Just as Milton’s Paradise Lost ranked the angels (c.f. Pseudo-Dionysius the Areopagite‘s ranking of angels), so Christian culture conceives of angels in orders of archangels, seraphim, and cherubim, among others. Amongst animals, subdivisions are equally apparent. At the top of the animals are wild beasts (such as lions), which were seen as superior as they defied training and domestication. Below them are domestic animals, further sub-divided so that useful animals (such as dogs and horses) are higher than docile creatures, such as sheep. Birds are also sub-divided, with eagles above pigeons, for example. Fish come below birds and are sub-divided between actual fish and other sea creatures. Below them come insects, with useful insects such as spiders and bees and attractive creatures such as ladybirds and dragonflies at the top, and unpleasant insects such as flies and beetles at the bottom. At the very bottom of the animal sector are snakes, which are relegated to this position as punishment for the serpent’s actions in the Garden of Eden.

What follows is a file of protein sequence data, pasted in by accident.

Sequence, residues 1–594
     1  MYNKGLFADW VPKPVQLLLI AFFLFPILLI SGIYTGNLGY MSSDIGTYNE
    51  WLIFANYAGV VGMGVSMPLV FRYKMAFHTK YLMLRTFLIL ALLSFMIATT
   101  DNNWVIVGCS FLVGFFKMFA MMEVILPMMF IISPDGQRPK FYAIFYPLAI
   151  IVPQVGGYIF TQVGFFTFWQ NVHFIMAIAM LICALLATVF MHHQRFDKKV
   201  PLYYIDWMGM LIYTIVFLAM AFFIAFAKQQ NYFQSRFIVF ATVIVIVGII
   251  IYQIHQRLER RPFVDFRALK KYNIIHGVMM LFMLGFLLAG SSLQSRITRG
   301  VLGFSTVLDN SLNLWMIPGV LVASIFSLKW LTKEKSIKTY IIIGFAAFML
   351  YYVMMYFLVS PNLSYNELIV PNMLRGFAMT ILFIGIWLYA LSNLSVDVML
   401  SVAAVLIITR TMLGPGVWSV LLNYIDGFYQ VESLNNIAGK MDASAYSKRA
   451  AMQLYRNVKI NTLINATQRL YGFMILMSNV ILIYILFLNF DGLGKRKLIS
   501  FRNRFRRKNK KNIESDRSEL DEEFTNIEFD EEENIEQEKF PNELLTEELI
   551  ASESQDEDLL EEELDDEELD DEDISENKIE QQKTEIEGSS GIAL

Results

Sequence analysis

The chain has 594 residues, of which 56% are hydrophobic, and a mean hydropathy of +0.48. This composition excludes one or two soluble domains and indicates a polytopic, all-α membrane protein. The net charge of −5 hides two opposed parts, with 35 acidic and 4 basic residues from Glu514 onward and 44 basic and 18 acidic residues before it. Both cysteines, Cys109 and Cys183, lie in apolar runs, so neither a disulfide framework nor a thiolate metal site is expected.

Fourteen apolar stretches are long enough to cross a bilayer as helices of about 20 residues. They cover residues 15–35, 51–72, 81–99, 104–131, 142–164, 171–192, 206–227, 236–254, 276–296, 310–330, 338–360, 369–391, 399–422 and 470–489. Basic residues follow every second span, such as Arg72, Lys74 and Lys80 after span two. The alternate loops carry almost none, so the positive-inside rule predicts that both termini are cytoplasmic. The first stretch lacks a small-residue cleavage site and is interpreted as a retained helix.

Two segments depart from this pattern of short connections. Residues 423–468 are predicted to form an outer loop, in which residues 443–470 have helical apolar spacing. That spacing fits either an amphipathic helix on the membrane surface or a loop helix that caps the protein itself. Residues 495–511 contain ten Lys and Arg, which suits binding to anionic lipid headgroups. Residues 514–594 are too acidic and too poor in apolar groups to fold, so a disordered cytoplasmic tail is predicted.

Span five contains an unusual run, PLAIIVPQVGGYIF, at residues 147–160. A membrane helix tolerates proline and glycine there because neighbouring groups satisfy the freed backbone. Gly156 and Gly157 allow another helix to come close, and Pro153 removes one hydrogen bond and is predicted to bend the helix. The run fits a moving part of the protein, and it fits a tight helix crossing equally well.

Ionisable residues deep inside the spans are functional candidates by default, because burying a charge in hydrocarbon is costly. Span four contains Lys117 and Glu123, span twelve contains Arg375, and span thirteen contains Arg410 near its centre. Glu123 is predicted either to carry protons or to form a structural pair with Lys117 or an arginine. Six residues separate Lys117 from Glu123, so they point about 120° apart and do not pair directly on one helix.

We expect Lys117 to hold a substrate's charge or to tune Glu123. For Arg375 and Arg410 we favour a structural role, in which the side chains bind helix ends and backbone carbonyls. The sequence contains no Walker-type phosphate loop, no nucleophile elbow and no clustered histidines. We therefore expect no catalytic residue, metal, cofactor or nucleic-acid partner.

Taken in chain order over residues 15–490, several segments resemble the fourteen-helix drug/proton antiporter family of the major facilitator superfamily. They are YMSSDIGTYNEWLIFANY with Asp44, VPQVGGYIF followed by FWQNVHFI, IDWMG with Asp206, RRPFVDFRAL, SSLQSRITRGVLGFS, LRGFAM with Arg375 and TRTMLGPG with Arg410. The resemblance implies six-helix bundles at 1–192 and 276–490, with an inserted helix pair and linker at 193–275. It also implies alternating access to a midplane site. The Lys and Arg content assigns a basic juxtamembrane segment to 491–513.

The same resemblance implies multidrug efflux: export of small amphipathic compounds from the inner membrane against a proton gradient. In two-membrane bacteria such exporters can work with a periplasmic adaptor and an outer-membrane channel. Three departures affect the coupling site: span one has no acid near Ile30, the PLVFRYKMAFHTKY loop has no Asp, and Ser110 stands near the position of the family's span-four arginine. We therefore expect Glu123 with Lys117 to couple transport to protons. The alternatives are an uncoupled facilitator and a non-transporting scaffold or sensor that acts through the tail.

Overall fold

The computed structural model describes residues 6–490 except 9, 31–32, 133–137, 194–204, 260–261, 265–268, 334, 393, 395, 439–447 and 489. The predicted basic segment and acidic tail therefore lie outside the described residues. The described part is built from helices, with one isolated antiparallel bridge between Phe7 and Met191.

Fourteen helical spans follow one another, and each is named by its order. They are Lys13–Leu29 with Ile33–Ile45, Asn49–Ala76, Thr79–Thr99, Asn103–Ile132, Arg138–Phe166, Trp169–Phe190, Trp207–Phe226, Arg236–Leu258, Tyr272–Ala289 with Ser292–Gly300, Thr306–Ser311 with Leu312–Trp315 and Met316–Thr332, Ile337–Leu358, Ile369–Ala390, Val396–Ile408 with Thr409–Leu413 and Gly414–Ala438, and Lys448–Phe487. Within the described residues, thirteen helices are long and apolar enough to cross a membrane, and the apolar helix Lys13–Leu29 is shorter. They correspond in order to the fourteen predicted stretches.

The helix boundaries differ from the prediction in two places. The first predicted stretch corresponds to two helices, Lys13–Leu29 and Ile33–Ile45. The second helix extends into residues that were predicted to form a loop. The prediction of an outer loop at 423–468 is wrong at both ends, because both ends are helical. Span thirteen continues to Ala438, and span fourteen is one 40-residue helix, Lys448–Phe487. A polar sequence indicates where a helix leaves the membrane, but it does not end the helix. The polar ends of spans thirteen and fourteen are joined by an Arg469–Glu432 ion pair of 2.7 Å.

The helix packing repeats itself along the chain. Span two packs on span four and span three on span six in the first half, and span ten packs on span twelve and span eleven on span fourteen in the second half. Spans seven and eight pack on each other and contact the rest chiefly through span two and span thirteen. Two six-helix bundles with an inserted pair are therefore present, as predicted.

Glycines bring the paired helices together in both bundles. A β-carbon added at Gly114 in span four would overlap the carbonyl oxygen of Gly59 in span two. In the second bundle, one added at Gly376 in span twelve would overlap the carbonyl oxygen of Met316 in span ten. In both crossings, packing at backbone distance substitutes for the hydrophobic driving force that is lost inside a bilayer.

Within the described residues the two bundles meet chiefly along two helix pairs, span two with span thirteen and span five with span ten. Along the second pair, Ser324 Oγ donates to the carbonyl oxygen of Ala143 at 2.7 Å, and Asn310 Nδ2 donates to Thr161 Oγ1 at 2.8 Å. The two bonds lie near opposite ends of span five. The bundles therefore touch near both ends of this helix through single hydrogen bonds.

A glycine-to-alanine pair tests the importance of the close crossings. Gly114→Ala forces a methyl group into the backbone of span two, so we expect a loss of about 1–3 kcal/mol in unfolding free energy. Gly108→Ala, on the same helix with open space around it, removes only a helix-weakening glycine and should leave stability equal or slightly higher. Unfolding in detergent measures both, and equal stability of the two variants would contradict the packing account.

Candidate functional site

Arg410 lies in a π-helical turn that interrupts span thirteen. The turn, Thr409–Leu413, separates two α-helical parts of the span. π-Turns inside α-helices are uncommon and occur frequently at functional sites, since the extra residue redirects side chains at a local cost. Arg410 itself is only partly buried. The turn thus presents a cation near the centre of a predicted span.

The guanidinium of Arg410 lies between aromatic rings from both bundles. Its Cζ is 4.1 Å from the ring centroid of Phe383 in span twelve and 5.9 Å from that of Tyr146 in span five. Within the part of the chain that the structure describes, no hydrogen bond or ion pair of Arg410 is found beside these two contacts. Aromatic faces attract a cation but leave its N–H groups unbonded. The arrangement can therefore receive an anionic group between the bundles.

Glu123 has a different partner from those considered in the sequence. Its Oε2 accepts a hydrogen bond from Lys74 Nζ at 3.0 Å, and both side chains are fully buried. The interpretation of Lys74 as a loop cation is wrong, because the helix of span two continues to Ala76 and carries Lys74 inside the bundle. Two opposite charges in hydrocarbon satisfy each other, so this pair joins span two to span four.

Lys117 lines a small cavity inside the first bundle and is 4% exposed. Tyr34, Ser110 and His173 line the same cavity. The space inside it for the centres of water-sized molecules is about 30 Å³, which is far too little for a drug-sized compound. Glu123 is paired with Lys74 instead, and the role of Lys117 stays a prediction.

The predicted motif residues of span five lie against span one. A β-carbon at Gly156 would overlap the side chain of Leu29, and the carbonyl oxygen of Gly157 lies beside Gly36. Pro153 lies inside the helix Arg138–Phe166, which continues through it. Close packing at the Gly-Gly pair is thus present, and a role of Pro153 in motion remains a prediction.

Below animals comes the division for plants, which is further sub-divided. Trees are at the top, with useful trees such as oaks at the top, and the traditionally demonic yew tree at the bottom. Food-producing plants such as cereals and vegetables are further sub-divided.

At the very bottom of the chain are minerals. At the top of this section are metals (further sub-divided, with gold at the top and lead at the bottom), followed by rocks (with granite and marble at the top), soil (sub-divided between nutrient-rich soil and low-quality types), sand, grit, dust, and, at the very bottom of the entire great chain, dirt.

The central concept of the chain of being is that everything imaginable fits into it somewhere, giving order and meaning to the universe.

God

At once at the top of the Chain of Being, but also external to creation, God was believed to stand outside the physical limitations of time. He possessed the spiritual attributes of reason, love, and imagination, like all spiritual beings, but he alone possessed the divine attributes of omnipotence, omniscience, and omnipresence. God serves as the model of authority for the strongest, most virtuous, most excellent type of being within a specific category (the “primate”).

Angelic Beings